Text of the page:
Third, the sales performance of the then-most-recent compilation albums was poor. “Reel Music” (released in March 1982) achieved net sales of only 225 thousand units. In 1983 and 1984 returns exceeded gross sales. While “20 Greatest Hits” (released in October 1982) did somewhat better, it still was the lowest-selling compilation album after “Reel Music.” Was there a genuine fall-off in demand for Beatles records? Or was Capitol simply unable to devise, implement and maintain the requisite sales and marketing strategies to bolster sales? The simple fact of the matter is that the advent of the CD circa 1985 saved both Capitol’s and the Beatles’ respective butts. The rest is history with re-issues, remastered versions, new compilations and the like.

OK here are the small-print caveats. This information was compiled right at the advent of CDs (in fact the reason why it was pulled together to begin with was in connection with whether Capitol even had the right to issue Beatles CDs). It doesn’t include anything after 1985. It’s albums only and not the kajillions of singles they also sold. It includes all configurations of albums that were then-existing, including LPs, 8-track cartridges, cassettes and picture discs. It includes records that were manufactured in the U.S. but then exported elsewhere. It does not include records that were manufactured in Canada or anywhere else outside of the U.S. It does not include bootlegs, solo records, or records derived from masters not recorded for EMI (such as the Vee-Jay brouhaha and records released by United Artists that were the soundtracks of the Beatles’ movies, until Capitol acquired United Artists). Nor does it include records that were handed out the back door, given away as free goods or record club freebies, if some of the Beatles’ lawsuit allegations are to be believed. All of this information is public record in various court files so I’m not disclosing anything that’s secret.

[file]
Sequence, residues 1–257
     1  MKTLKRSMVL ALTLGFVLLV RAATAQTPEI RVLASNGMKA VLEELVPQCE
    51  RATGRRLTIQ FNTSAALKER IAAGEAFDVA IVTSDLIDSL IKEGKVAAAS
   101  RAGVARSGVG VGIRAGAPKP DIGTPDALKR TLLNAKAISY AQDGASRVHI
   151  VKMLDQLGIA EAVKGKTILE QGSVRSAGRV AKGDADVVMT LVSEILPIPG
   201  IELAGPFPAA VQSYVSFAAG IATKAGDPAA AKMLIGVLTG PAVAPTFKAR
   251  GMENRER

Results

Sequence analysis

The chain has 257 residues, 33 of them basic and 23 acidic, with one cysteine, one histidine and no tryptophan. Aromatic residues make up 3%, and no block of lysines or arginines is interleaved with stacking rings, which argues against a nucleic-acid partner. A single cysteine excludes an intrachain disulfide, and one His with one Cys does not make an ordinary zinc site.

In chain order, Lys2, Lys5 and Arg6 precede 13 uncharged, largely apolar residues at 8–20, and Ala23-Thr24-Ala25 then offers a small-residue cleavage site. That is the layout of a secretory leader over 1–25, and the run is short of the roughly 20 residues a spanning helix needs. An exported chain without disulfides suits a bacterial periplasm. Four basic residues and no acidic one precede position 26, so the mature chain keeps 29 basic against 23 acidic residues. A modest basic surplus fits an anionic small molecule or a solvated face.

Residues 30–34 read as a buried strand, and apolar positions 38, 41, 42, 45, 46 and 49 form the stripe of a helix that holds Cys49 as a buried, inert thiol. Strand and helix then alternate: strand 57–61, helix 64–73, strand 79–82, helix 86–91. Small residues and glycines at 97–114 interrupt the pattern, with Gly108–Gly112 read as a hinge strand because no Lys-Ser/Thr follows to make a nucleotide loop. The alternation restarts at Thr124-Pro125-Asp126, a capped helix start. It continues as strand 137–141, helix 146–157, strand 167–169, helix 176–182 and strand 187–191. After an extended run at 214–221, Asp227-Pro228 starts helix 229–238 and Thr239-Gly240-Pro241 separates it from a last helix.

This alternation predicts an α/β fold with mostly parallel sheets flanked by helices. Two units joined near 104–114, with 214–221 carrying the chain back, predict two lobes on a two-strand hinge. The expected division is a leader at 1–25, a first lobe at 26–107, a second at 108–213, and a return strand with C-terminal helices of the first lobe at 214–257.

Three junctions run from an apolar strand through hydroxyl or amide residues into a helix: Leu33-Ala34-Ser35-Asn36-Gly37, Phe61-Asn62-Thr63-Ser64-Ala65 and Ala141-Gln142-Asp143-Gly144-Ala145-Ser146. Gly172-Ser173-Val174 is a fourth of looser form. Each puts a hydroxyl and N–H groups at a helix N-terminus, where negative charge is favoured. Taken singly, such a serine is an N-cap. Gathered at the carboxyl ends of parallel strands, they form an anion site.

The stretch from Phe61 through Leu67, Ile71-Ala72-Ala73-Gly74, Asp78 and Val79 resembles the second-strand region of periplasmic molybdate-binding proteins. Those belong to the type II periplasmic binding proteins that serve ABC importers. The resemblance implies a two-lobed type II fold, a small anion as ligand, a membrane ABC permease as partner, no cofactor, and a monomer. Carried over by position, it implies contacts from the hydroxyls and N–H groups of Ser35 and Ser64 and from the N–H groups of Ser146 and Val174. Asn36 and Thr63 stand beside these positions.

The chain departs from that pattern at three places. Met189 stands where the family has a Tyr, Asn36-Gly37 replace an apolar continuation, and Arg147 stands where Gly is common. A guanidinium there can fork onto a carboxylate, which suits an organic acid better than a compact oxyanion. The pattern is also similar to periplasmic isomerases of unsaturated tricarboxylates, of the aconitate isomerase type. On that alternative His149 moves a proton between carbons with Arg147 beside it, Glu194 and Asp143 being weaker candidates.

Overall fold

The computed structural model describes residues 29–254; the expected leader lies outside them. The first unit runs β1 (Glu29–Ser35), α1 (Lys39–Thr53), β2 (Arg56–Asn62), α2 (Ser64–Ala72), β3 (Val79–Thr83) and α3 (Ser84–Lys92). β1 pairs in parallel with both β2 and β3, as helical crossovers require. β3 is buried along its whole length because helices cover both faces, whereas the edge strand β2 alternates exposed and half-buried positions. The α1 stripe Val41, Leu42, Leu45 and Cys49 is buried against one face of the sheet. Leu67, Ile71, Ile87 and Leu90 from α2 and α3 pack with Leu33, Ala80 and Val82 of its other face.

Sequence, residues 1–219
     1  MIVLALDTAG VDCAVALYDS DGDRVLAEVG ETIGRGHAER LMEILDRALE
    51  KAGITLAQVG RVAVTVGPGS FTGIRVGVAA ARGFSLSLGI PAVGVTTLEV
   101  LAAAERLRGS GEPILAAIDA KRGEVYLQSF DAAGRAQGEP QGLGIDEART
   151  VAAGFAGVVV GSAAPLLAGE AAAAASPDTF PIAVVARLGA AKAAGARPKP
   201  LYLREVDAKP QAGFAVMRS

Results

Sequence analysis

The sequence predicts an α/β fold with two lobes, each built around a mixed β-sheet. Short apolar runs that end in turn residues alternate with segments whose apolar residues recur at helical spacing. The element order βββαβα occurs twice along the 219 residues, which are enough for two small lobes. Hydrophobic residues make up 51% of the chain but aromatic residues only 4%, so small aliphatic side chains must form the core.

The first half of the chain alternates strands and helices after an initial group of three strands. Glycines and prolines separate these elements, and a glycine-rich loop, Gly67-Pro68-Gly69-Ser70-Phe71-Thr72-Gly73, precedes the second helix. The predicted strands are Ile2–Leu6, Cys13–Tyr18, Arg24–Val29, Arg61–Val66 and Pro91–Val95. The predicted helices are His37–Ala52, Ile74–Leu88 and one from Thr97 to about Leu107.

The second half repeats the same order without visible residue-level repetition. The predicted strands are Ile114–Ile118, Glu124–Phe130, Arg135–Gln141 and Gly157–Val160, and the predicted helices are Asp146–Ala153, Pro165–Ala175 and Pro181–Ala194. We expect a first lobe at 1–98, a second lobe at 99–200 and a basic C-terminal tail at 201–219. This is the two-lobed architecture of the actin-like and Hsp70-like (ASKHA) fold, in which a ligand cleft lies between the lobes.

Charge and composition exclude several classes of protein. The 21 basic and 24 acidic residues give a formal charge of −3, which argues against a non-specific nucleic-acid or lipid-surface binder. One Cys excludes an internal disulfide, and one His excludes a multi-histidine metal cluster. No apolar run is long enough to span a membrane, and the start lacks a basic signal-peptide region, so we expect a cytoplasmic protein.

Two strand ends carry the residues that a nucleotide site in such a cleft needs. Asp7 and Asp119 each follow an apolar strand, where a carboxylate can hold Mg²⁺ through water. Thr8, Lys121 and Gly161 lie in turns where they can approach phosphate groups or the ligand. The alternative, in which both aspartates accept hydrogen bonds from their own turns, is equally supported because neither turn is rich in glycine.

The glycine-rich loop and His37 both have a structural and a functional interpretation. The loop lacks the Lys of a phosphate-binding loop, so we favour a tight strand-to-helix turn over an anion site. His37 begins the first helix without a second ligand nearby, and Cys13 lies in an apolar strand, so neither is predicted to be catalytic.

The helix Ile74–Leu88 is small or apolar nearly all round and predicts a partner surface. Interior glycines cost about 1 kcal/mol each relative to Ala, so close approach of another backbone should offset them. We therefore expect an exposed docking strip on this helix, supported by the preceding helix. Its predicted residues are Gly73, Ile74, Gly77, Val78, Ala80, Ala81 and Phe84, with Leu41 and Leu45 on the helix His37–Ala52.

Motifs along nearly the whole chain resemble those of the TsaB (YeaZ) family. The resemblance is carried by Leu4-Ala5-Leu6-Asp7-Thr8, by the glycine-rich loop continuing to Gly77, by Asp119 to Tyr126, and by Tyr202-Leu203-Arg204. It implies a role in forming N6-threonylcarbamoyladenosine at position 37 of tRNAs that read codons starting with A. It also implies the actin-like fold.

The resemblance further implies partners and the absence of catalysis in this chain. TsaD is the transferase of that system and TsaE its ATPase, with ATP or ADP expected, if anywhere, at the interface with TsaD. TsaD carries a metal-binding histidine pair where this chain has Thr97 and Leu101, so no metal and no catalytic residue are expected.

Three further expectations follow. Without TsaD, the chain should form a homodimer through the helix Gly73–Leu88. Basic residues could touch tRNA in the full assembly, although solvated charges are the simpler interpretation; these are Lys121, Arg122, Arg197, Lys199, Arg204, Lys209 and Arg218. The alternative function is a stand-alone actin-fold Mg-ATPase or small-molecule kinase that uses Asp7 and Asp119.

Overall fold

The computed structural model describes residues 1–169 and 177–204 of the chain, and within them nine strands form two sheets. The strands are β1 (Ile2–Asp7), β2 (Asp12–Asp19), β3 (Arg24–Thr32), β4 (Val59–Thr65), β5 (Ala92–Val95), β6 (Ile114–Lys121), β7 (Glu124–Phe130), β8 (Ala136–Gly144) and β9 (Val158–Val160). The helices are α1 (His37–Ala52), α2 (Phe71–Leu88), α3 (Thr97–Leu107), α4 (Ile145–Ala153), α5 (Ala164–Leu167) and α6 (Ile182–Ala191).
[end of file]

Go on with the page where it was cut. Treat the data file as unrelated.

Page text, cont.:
Now if I only could get my hands on some Rolling Stones sales info ….

About David Kronemyer

Mr. Kronemyer formerly was an executive with Capitol-EMI and then with Atlantic Records. He formerly was President of Gold Circle Films where he financed and produced its initial slate of motion pictures, including “My Big Fat Greek Wedding,” which (although an aesthetic disaster) was a commercial success. After leaving Gold Circle he formed his own company, Cerberus Films, which successfully syndicated several large private offerings of packages of film rights. He stopped doing this just on the cusp of the so-called credit crisis, which eradicated the presumptions on which structured financing models were based. The streets of Beverly Hills now are populated by former agents, managers, lawyers and accountants, all of who have turned into wandering zombies because the music and film industry business models on which they premised their careers have vanished. Not wishing to share this destiny, Mr. Kronemyer turned to other more productive activities, such as staring at the wall, studying psychology and playing electro-acoustic music. Track all of this insanity at


22 Responses to Deconstructing Pop Culture: How Many Records Did the Beatles Actually Sell?

  1. Steven Silber Thu, 30 Apr 2009 at 13:38:36 -0500 EST #